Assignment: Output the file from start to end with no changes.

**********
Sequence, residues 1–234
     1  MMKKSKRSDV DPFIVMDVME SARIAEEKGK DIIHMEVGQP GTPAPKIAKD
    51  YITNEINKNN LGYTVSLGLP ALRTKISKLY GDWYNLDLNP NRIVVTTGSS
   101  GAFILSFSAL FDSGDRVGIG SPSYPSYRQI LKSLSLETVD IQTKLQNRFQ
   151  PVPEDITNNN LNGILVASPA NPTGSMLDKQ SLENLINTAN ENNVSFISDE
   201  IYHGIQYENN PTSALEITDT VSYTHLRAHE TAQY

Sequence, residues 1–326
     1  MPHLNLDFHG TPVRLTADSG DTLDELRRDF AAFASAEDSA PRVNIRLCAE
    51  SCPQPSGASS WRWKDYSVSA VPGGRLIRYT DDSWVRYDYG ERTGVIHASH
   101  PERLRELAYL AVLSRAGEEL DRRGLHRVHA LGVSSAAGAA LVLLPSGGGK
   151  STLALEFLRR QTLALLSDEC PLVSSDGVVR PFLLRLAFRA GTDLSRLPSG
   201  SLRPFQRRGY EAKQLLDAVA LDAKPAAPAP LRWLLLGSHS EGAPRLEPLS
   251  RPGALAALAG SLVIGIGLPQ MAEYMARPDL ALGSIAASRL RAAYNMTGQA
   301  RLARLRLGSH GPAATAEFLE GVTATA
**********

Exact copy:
Sequence, residues 1–234
     1  MMKKSKRSDV DPFIVMDVME SARIAEEKGK DIIHMEVGQP GTPAPKIAKD
    51  YITNEINKNN LGYTVSLGLP ALRTKISKLY GDWYNLDLNP NRIVVTTGSS
   101  GAFILSFSAL FDSGDRVGIG SPSYPSYRQI LKSLSLETVD IQTKLQNRFQ
   151  PVPEDITNNN LNGILVASPA NPTGSMLDKQ SLENLINTAN ENNVSFISDE
   201  IYHGIQYENN PTSALEITDT VSYTHLRAHE TAQY

Sequence, residues 1–326
     1  MPHLNLDFHG TPVRLTADSG DTLDELRRDF AAFASAEDSA PRVNIRLCAE
    51  SCPQPSGASS WRWKDYSVSA VPGGRLIRYT DDSWVRYDYG ERTGVIHASH
   101  PERLRELAYL AVLSRAGEEL DRRGLHRVHA LGVSSAAGAA LVLLPSGGGK
   151  STLALEFLRR QTLALLSDEC PLVSSDGVVR PFLLRLAFRA GTDLSRLPSG
   201  SLRPFQRRGY EAKQLLDAVA LDAKPAAPAP LRWLLLGSHS EGAPRLEPLS
   251  RPGALAALAG SLVIGIGLPQ MAEYMARPDL ALGSIAASRL RAAYNMTGQA
   301  RLARLRLGSH GPAATAEFLE GVTATA